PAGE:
Blasphemy is to be decriminalised in the Republic of Ireland after voters overwhelming supported a referendum to remove it as an offence in Irish law.
The result, announced late on Saturday night, saw 64.85% of the electorate voting Yes to decriminalise blasphemy, while 35.15% voted No.
Blasphemy has been an offence for centuries but was not defined in Irish law until the Defamation Act of 2009.
Both the 2009 Act and the 1937 Irish Constitution will now be amended.
Justice Minister Charlie Flanagan welcomed the result, saying there was "no room for a provision such as this in our constitution".
"Ireland is rightly proud of our reputation as a modern, liberal society."
The referendum took place on the same day as voters went to the polls to elect the Irish president, which saw Michael D Higgins returned for a second seven-year term.
The last successful conviction for blasphemy in Ireland was in 1703 and the last attempted prosecution was in 1855 - both cases were taken when Ireland was under British rule.
Stephen Fry case
Many voters were unaware that such an offence existed in modern Irish law until 2015, when the actor and broadcaster Stephen Fry was investigated over comments he made in a TV interview.
Mr Fry had been asked by an RTÉ programme what he would say to god if there was an afterlife.
He replied that he would ask why the world had been created with "such misery" and cited children with bone cancer as an example of suffering.
"Why should I respect a capricious, mean-minded stupid god who creates a world so full of injustice and pain?" the actor said.
"The god that created this universe, if it was created by a god, is quite clearly a maniac, utter maniac, totally selfish."
A member of the public made a formal complaint about Mr Fry's comments to gardaí (Irish police).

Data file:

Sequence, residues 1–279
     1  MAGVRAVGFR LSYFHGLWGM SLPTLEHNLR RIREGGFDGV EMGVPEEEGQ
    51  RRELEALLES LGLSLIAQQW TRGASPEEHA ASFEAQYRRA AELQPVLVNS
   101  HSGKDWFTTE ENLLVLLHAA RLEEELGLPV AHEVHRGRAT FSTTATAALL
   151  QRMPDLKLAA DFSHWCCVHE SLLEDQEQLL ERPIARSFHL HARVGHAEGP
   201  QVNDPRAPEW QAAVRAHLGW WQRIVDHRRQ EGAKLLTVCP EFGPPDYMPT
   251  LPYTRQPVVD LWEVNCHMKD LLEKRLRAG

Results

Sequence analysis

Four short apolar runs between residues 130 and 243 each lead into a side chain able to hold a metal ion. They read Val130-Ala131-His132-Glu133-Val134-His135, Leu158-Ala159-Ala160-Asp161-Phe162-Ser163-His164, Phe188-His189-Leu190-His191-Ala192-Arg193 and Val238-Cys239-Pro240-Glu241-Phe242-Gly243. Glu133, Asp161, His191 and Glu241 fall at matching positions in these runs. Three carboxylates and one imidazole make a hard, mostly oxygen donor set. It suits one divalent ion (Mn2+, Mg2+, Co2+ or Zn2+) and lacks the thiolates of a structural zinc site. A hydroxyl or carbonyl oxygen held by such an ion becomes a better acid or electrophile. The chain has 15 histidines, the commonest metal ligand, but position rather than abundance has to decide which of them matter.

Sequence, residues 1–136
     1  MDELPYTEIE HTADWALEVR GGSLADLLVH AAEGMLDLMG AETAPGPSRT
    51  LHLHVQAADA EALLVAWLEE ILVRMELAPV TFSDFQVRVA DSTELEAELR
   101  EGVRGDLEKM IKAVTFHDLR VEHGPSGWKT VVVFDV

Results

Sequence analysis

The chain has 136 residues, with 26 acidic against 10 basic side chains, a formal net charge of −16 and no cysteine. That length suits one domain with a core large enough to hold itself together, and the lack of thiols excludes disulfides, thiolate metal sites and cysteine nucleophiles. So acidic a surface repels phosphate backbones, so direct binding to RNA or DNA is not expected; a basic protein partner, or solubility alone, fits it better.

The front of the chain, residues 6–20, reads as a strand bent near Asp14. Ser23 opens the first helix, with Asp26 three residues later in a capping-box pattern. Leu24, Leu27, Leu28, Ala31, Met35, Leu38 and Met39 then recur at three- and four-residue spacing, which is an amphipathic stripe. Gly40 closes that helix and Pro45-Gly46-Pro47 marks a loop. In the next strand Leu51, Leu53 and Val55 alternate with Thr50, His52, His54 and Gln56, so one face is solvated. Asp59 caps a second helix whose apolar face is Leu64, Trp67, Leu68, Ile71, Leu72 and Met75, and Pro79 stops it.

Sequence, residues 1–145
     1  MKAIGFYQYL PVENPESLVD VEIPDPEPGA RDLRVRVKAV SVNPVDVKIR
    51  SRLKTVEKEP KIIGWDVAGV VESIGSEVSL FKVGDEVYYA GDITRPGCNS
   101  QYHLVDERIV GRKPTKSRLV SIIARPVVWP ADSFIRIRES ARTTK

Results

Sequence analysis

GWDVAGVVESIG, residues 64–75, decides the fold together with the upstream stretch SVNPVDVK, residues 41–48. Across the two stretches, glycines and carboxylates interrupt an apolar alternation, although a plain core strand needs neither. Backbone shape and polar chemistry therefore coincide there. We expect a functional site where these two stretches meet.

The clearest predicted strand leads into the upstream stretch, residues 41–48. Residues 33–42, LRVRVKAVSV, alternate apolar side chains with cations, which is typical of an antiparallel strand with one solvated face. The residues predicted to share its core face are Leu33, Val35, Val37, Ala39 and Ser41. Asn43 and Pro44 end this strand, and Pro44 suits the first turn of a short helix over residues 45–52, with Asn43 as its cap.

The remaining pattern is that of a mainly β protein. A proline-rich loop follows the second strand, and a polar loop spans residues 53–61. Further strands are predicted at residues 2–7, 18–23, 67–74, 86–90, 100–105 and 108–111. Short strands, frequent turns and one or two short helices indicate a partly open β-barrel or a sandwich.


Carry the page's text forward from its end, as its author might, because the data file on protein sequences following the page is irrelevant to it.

Officers investigated the matter under the 2009 Defamation Act, which stated that anyone convicted of uttering or publishing "blasphemous matter" could be fined up to 25,000 euros (£22,300).
The Act defined blasphemous matter as "grossly abusive or insulting in relation to matters held sacred by any religion, thereby causing outrage among a substantial number of the adherents of that religion".
In 2017, the Stephen Fry investigation was dropped, reportedly because officers could not find a substantial number of people that had been outraged by his remarks.
The last person to be prosecuted for blasphemy in Ireland was a Catholic priest who was accused of burning a bible in Kingstown (now called Dún Laoghaire) in 1855.
Fr Vladimir Petcherine argued in court that he was attempting to burn "evil" literature and did not realise a bible was among the pile of books on his bonfire.
The priest was found not guilty.
Sixteen years after achieving independence from Britain, the Republic of Ireland drew up a new constitution which included a clause on blasphemy.
The 1937 Constitution states: "The publication or utterance of blasphemous, seditious, or indecent matter is an offence which shall be punishable in accordance with law."
However, blasphemous matter was not defined until 2009, when it was included in an overhaul of defamation legislation.
The then Justice Minister Dermot Ahern faced criticism from many liberal commentators for what they saw as curtailing freedom of speech.
At the time, Mr Ahern admitted blasphemy was an "arcane concept" and said he would prefer to abolish the offence, but that would require a referendum.
The Republic of Ireland was then caught in the middle of a major banking crisis which was putting the state's solvency at risk, and a referendum would have been seen as an unnecessary expense on the public purse.
Friday's referendum was purposely organised in tandem with the presidential election.
The turnout was 43.79% and 951,650 people voted to decriminalise blasphemy.
Mr Ahern's current successor, Charlie Flanagan, will now work to remove the word "blasphemous" from Article 40.6.1 of the constitution.
The justice minister will now also move to repeal sections 36 and 37 of the Defamation Act 2009.